TEL AVIV – Explaining they have nowhere to go until the Israeli government organizes their living situation, former residents of a large farming community in Jewish Gaza moved into tents yesterday just off the main highway in Tel Aviv.
Tent city just off Tel Aviv highway. Photo: WND
Expelled residents of Nezer Hazani, a former community in Gaza’s Gush Katif slate of Jewish towns, pitched a tent camp in a public park alongside a major Tel Aviv exit on Israel’s main Ayalon Highway. Most residents of Hazani arrived at the camp in an effort to protest what they say is Israel’s failure to organize suitable living accommodations for them after they were forced from their homes in Gaza last week.
“We have nowhere else to go,” Hazani spokeswoman and tent camp resident Anita Tucker told WND. “The government is so disorganized. We keep hearing things are being worked out – then nothing happens. We call and they put us off. If they gave me the money, I could have everything worked out for all the former residents very quickly, so I don’t see why these so-called professionals are doing things so poorly.”
Hazani residents, along with the entire Jewish population of the Gaza Strip, last week were evacuated from their homes and placed on buses that brought many to hotels in Jerusalem, Ashkelon, Eilat and near the Dead Sea. The Israeli government is currently negotiating compensation and relocation deals with settlement leaders with the aim of keeping former communities in tact and transferring them to neighborhoods in the Negev.
Many had thought their hotel stays were being paid for by the government, but they were informed this week the bills will be deducted from any compensation they are set to receive.
Former Gaza residents dining in tent city. Photo: WND
For many Hazani residents, hotel rooms were not even available. They were transferred to yeshiva dormitories in Jerusalem and the Negev. They decided instead to set up the Tel Aviv tent city in hopes of pressuring the government to find them living quarters quickly.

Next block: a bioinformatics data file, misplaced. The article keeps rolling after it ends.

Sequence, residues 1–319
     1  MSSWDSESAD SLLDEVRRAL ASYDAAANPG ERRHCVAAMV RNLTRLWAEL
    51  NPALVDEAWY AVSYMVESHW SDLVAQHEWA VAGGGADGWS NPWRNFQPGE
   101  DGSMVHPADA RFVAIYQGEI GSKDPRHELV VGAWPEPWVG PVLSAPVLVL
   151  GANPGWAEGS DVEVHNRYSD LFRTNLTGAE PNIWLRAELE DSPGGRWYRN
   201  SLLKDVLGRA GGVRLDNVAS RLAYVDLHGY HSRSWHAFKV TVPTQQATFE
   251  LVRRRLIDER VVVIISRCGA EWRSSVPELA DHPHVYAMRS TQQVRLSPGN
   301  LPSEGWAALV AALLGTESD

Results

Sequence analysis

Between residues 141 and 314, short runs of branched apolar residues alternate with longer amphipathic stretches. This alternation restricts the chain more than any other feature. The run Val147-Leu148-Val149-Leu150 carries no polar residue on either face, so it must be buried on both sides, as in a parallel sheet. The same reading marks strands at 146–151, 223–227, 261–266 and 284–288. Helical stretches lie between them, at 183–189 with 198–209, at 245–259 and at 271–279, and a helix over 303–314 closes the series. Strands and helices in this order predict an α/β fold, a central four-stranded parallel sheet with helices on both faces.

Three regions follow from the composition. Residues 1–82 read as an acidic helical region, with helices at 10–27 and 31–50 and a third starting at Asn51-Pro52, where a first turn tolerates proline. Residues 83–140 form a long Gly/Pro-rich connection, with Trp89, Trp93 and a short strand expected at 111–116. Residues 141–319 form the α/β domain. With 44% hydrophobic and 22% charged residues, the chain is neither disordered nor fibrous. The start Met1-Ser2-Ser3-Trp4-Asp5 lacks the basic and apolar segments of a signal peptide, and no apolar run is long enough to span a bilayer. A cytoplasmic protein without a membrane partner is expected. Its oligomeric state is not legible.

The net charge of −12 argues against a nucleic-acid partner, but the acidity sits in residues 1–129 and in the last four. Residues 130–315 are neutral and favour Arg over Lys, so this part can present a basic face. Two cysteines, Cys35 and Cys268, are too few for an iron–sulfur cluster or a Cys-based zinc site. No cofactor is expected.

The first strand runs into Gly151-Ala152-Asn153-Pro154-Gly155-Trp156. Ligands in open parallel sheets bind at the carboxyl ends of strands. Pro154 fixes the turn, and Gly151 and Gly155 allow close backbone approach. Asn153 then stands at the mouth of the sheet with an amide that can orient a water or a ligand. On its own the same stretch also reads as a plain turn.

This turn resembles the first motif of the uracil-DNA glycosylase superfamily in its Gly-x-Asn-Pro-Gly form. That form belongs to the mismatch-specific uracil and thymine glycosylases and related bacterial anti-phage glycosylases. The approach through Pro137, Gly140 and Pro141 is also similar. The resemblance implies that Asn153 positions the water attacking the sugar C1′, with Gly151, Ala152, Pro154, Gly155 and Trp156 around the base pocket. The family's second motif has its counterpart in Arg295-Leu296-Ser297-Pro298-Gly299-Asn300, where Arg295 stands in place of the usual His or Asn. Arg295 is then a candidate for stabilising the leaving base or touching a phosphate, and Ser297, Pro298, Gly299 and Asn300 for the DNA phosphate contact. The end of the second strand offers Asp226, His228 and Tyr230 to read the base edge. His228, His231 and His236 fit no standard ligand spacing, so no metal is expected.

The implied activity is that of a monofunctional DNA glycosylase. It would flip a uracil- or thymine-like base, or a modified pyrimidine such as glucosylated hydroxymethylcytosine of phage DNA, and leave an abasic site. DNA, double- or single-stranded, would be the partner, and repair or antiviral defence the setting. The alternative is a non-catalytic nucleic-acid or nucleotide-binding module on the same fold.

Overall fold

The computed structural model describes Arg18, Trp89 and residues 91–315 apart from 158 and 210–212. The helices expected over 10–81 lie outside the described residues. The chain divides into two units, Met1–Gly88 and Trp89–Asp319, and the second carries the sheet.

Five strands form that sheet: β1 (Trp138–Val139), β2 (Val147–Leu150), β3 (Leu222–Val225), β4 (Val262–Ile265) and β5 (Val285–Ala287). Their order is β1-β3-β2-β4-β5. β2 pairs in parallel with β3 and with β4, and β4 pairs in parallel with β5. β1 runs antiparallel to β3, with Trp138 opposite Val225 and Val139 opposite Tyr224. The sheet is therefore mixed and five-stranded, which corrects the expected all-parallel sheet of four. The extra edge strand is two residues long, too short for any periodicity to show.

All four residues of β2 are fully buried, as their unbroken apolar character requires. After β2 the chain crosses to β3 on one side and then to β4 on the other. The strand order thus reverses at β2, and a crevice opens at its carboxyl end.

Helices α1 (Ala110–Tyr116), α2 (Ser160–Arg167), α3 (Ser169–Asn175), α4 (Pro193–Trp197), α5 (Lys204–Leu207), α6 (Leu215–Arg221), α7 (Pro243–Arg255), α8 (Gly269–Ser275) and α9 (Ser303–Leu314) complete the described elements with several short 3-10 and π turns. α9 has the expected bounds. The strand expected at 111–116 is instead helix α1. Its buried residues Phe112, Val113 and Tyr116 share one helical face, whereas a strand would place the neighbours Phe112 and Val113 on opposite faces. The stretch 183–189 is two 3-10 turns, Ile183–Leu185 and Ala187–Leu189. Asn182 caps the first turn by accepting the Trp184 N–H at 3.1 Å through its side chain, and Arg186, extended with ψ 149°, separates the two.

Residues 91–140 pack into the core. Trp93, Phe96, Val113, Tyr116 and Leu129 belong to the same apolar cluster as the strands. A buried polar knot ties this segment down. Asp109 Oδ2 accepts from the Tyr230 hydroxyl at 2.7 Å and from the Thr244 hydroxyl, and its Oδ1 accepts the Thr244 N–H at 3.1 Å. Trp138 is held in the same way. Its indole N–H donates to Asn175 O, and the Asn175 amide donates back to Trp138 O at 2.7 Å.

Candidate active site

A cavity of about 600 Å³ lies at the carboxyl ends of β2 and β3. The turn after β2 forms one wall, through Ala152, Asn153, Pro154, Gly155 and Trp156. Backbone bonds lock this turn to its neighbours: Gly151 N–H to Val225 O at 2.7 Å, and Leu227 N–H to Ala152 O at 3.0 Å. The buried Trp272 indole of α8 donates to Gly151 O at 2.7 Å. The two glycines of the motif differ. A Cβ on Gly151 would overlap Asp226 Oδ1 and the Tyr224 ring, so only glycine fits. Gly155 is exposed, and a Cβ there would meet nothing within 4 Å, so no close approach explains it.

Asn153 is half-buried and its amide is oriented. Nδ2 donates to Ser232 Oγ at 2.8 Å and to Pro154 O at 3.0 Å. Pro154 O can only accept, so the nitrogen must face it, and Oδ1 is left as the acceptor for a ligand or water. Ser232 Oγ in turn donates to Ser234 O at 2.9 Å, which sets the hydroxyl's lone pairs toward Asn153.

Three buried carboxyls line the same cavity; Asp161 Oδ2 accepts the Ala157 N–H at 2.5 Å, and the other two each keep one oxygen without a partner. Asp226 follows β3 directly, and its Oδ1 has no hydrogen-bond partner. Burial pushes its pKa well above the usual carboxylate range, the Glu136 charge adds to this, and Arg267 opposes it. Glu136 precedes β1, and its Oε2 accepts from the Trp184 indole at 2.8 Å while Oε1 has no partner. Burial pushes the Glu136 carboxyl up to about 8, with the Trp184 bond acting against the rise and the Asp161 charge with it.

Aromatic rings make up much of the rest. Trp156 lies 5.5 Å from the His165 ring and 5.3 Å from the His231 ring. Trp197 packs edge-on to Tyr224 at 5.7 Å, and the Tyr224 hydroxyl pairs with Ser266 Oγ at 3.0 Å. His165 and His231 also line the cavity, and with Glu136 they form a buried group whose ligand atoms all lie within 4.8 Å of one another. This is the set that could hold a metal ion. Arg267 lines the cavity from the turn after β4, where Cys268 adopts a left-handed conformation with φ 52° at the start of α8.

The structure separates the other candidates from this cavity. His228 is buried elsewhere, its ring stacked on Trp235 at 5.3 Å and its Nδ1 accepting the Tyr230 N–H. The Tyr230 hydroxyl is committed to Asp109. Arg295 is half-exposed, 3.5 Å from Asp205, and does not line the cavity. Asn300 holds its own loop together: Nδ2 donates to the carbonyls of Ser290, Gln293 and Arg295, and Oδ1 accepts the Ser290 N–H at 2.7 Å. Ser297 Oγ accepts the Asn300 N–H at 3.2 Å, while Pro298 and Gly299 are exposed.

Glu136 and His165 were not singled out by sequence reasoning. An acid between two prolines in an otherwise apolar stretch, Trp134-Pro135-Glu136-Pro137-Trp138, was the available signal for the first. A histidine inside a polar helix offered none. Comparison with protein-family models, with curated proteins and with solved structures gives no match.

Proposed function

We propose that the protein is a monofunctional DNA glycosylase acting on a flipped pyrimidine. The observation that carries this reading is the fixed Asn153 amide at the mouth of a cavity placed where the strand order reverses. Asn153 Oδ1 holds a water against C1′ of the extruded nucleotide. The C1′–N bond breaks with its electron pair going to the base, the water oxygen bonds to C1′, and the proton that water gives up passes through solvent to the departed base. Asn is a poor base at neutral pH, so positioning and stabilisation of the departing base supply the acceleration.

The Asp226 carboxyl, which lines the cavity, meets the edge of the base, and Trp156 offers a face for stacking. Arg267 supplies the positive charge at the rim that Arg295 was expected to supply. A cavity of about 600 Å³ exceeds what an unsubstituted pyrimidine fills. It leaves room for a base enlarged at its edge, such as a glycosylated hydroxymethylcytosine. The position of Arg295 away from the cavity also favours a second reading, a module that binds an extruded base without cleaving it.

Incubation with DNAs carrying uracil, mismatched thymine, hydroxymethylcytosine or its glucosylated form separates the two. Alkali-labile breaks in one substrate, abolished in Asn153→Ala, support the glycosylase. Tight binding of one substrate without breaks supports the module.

“School starts in one week, and we don’t know where our kids will go yet because the government is still working things out,” said Tucker.
Hazani residents, like the vast majority of Gush Katif, did not apply for government compensation deals before the evacuation took place. The average evacuated family was offered about $200,000 in compensation – the exact amount depending on house size, the number of children and length of residence in the area. Some also were offered two years free rent if they move to certain communities set up in the Negev.
Many in Gush Katif owned property worth far more than the compensation offered. A consortium of American organizations recently announced they will put up $14 million to pay Katif farmers for their greenhouses. But the hothouses of Katif and the produce they generate are worth an estimated $1-2 billion.
“We didn’t apply for compensation because we couldn’t give in,” explained Tucker. “We knew Gaza was first to be given up, then it will be Judea and Samaria, then Jerusalem. We didn’t want to allow this horrible government plan to go through.”
The government is now re-offering compensation packages. Many say it’s in Israel’s best interests to compensate the former Katif residents quickly so they can’t use their refugee status against the government.
Officials expect most refugees ultimately to move for up to two years to 800 flats and 110 houses rented by the government in coastal towns such as Ashkelon and on kibbutzim near Gaza.
A leader of the Legal Forum for the Land of Israel charged yesterday that only 100 of the 1,700 families evacuated from Gaza have found permanent housing solutions so far, and that only 700 families have found temporary options. The other 1,000 have no solutions at all, he said.
Last night, former Gush Katif leaders held several rallies at the tent city, and several Jewish singers came to perform. Residents dined together on large folding tables, eating food brought to them by the local population. Port-o-potties and a water tank were brought into the park.
Earlier, the Tel Aviv municipality had asked the Hazani residents to leave, claiming they did not coordinate their protest with the city or obtain the necessary permits. But the city relented after Knesset members interceded, giving them until Friday to stay in the area.
Tent city occupants told WND they were surprised by the city’s interference.
“They are the ones who came here yesterday and brought us the water and portable toilets. Now all of the sudden they’re claiming they didn’t know we were here?” stated David Jaacobs, who is living in the Tel Aviv park along with his wife and two children.
Continued Jaacobs: “They kicked us out of our homes, affected a lot of lives. And now it is becoming clear to everyone that the Israeli government couldn’t care less about us.”